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Poem It Out Classroom

week 2: an interview with michelle ensminger

liz lamoreux

Sit back and marinate in the goodness that is this interview with Michelle Ensminger. When I started blogging almost seven years ago, Michelle was one of the first bloggers I really connected with because she shared so much of herself on the page and invited me to know I was not alone in my desire to write the truth out of me. So delighted to share her words about poetry today. 


Question 1: How is poetry a lifeline for you? 

One of my favorite quotes is from Frederick Buechner: “Here is the world. Beautiful and terrible things will happen. Don’t be afraid.”

Poetry is a lifeline for me because it is what helps me hold the beautiful and the terrible things. It’s through writing poetry that I touch the joy and the pain. Poetry grounds me. It gives me back to myself over and over again. Poetry is the way I hold the questions I’m called to live and the truth buried within me. It’s through poetry that I find my voice and my courage. Poetry helps me become more fear-less.  

I started writing poetry in my mid-twenties. Before that I had a love-hate relationship with the art. I loved the idea of poetry, the beauty of the language, how it could be both elegant and raw, how it embodied tenderness and power. But I never felt that poetry was for me. It was something I ached for but couldn’t understand. It was foreign and illusive and a temptress of sorts. The idea that poetry didn’t belong to me was fostered in part by the way poetry was taught in school. The focus was always on interpreting the poem. I was never taught to “feel” a poem. I was never taught to breathe it in, to let the words touch my skin, to let the poem be a part of me.

I started writing poetry during a very turbulent time in my life. I’d recently divorced and shortly afterwards I began a very personal spiritual journey that would shake the foundation of everything I was raised to believe. To navigate through this emotional time of my life, I started writing and reading poetry. During this time poetry became my prayer, my meditation, my practice of mindfulness, a way to save myself when nothing else could.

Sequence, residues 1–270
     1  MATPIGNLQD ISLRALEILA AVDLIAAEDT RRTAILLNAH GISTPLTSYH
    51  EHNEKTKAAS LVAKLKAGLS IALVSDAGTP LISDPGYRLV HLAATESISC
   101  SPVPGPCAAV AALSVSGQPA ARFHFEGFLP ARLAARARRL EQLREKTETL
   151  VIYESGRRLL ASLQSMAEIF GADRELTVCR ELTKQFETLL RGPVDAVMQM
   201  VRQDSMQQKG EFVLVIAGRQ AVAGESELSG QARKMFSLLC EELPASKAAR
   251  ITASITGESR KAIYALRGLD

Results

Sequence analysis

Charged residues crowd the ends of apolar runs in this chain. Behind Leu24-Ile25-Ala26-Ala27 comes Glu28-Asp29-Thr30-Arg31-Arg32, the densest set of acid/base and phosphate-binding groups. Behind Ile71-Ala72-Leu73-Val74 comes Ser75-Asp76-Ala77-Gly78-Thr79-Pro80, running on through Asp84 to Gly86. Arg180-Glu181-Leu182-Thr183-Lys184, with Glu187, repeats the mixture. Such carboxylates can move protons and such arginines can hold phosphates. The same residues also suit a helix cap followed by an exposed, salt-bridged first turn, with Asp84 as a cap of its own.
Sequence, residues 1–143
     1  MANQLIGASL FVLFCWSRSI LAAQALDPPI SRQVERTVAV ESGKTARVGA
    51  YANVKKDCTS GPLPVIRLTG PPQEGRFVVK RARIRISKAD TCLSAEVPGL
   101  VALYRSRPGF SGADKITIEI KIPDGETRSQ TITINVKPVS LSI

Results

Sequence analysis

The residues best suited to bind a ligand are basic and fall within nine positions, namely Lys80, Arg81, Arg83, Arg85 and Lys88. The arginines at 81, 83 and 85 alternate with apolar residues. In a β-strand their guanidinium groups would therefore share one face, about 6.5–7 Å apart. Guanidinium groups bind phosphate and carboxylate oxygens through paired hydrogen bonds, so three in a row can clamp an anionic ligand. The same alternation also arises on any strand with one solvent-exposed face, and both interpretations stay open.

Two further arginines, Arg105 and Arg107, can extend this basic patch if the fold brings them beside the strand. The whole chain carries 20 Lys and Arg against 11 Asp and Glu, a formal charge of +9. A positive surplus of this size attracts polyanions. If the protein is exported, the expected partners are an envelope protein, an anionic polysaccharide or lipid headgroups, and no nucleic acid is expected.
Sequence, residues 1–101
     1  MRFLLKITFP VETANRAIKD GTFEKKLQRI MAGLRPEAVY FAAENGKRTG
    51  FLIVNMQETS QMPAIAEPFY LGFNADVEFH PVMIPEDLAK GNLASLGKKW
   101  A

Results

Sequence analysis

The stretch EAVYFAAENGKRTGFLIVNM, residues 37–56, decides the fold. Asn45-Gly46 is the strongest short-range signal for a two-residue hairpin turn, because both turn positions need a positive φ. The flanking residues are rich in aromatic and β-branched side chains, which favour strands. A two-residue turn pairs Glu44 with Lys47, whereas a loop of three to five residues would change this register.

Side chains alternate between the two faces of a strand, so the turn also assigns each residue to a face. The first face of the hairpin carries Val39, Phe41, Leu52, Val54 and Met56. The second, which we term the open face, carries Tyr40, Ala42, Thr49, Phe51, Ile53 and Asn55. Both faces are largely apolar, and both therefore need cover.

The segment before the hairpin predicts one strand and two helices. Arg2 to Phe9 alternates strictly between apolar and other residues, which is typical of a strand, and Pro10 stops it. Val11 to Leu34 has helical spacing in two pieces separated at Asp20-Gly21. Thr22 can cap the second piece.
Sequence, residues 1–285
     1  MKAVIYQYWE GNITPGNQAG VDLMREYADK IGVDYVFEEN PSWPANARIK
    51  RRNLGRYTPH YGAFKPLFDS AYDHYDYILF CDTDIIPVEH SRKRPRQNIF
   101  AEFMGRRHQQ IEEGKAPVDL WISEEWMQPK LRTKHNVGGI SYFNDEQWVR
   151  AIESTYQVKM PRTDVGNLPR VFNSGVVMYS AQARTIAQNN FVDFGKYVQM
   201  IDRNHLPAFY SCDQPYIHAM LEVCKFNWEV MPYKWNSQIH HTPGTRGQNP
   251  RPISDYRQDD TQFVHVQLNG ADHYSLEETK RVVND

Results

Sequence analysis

Poetry remains an integral way in which I find my bearings in the world. It’s through poetry that I become more alive and aware of myself and my place in the world. When I write poetry I am in essence saying I am here. I am alive. I am full. I have so much to give, and I begin with this word…and then this one…and now this one. It is the way I connect to and better understand myself as an individual and as a wave in the great sea of humanity. It is how I give meaning to life’s experiences and the ordinary moments of my day. I use poetry to gently nudge the whispers of my heart into a tangible form of expression. I use it as a reminder of the interconnectedness of all humanity and my oneness with others. I use it to search for and look into the face of the divine in all its sacred and unexpected forms.  

Question 2: Who are the poets and poems you turn to again and again? 

Mary Oliver will always top my list of favorite poets. Her poem The Journey was the first poem that made me feel that poetry was accessible—it wasn’t something others read and understood but not me. Poetry was me. It contained my life and my stories. Finding the right poem and the right poet is all it takes to fall head-over-heels for poetry. I admire Ms. Oliver’s deep connection to nature and the life lessons she gleans while walking among the world, paying attention to nature’s details, and allowing herself to become one with life. There is a deeply spiritual element evident in her poetry that I relate to. Perhaps it’s my own longing to find god in all of life, including a simple poem. You can find several of her poems at the Poetry Foundation website.